Montreal, October 27, 2022 — Mila, the Quebec Institute of Artificial Intelligence and Helmholtz Munich are joining forces to develop causal models of the cell, forming a Helmholtz International Lab. The announcement of this new German-Canadian collaboration takes place on October 27, 2022 at Mila’s headquarters in Montreal.
Prestigious guests are taking part in this symposium as part of a joint event to launch this ambitious project. After speeches by Yoshua Bengio (Mila), Otmar Wiestler (Helmholtz Association) and Fabian Theis (Helmholtz Munich), Mathieu Blanchette and Dhania Sridhar took part in a round table on Understanding Causal Regulatory Gene interactions: Hopes and Challenges. Presentations by postdoctoral researchers and doctoral students on themes directly related to the objectives of this new laboratory followed.
Recent breakthroughs in genomics allow measuring with an unprecedented resolution both individual cellular differences and how cell characteristics are influenced by their environment. Genomics is one of the most dynamic sources of metadata in molecular biology. The use of causal learning to model a single cell now makes it possible to understand and interpret gene regulation according to different biological features. The impact of these new approaches extends from stem cell biology to biomedical.
Merging Mila’s remarkable deep learning expertise and Helmholtz’s genomics-specific bioinformatics skills will make it possible to model cellular dynamics from observations of single-cell genomics as well as the latent causes that govern these mechanisms.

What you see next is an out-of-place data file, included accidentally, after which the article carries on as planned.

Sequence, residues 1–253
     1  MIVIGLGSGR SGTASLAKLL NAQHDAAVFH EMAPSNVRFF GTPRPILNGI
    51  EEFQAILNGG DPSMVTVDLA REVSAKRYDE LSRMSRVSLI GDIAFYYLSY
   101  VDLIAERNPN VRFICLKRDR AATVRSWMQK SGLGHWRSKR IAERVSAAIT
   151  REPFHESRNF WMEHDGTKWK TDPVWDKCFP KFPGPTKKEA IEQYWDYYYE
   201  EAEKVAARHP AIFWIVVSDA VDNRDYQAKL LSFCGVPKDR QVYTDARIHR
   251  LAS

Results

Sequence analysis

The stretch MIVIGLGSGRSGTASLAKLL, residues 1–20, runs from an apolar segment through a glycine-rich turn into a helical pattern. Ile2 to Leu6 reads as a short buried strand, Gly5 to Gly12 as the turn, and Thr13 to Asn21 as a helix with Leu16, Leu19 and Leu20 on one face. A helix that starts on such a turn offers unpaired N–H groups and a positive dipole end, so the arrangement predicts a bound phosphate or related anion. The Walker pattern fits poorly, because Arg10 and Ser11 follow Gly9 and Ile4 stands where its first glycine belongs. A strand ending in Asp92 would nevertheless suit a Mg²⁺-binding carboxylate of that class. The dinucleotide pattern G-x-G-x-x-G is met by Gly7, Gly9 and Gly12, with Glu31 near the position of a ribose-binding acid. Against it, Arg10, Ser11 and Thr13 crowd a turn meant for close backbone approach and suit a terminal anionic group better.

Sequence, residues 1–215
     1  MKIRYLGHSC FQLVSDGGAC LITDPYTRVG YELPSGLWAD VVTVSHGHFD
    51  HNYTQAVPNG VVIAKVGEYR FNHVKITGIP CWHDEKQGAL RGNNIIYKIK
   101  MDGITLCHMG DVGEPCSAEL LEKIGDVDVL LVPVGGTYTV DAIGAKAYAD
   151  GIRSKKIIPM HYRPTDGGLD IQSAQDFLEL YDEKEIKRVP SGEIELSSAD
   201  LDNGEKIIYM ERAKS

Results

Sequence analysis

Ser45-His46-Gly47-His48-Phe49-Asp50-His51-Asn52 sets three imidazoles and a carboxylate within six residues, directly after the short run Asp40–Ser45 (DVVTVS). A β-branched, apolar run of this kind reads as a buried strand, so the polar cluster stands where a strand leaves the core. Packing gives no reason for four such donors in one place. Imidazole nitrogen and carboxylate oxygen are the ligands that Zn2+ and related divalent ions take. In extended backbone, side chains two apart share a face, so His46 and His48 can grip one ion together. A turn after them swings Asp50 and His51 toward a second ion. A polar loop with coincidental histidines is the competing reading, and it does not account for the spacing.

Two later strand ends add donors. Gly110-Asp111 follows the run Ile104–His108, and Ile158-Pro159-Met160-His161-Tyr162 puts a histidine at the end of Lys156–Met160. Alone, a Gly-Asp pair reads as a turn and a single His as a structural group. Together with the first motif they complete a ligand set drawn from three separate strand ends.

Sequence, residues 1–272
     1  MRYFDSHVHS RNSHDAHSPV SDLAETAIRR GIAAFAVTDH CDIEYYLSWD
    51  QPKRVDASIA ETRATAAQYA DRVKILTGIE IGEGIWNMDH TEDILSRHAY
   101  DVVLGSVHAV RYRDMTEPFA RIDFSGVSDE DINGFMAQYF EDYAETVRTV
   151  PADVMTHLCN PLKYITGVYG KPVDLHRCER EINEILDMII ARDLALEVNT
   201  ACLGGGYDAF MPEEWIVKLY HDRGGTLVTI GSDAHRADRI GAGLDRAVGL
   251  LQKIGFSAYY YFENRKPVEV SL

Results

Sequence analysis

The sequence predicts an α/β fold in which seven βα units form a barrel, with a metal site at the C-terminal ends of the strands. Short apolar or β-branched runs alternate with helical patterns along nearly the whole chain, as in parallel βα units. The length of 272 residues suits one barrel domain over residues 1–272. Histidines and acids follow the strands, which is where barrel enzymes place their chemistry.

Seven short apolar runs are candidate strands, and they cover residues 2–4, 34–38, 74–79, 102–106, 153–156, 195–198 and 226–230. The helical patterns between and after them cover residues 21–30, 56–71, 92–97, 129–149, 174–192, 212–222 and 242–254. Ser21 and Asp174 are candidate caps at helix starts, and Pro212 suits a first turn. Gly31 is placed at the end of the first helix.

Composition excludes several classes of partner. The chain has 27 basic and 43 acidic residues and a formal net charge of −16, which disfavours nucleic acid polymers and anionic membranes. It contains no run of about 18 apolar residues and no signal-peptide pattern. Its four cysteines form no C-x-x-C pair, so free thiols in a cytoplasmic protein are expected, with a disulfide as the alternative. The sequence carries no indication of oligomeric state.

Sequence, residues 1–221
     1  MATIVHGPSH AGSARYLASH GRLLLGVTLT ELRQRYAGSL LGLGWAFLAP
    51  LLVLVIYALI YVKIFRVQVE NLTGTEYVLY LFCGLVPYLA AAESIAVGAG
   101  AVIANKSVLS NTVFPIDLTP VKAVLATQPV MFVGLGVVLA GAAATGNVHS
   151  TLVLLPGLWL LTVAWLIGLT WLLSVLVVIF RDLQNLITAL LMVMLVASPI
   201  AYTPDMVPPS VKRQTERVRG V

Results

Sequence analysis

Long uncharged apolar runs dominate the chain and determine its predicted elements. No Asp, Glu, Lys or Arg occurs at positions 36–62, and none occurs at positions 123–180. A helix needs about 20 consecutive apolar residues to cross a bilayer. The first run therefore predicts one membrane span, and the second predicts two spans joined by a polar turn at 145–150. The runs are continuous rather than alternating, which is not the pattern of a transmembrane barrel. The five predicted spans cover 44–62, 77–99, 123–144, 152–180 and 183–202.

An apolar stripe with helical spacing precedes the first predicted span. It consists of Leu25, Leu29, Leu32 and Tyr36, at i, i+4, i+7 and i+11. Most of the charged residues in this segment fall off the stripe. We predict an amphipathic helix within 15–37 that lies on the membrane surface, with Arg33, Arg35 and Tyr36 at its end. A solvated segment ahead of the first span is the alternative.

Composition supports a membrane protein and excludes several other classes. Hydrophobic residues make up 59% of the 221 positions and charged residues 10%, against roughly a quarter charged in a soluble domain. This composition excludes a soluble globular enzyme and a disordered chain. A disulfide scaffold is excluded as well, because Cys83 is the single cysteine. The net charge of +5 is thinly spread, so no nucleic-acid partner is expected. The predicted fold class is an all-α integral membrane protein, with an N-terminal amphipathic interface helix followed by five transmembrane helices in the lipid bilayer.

More specifically, the goal is to develop methods to understand the underlying causal structures in order to explain the cell trajectories. This collaboration aims to develop robust high-dimensional causality models, to understand deep representations of responses to perturbations of cells, and to include biological priors to ease the interpretation of results using models trained on experimental data such as epigenetics.
“Data is the basis of our research and fueling the application of AI. No human mind can absorb these millions of data points – but a computer could! We are excited to work with the large amounts of biodata and computational biology expertise from our Helmholtz colleagues and to combine the experience of our research groups”, explained Yoshua Bengio, Founder and Scientific Director of Mila.
“ We want to predict the significant causalities of various diseases, and we are thrilled to play this out together with Mila to make significant progress in both AI and basic biology research”, Fabian Theis, Director of the Institute for Computational Biology (Helmholtz Munich) and of Helmholtz AI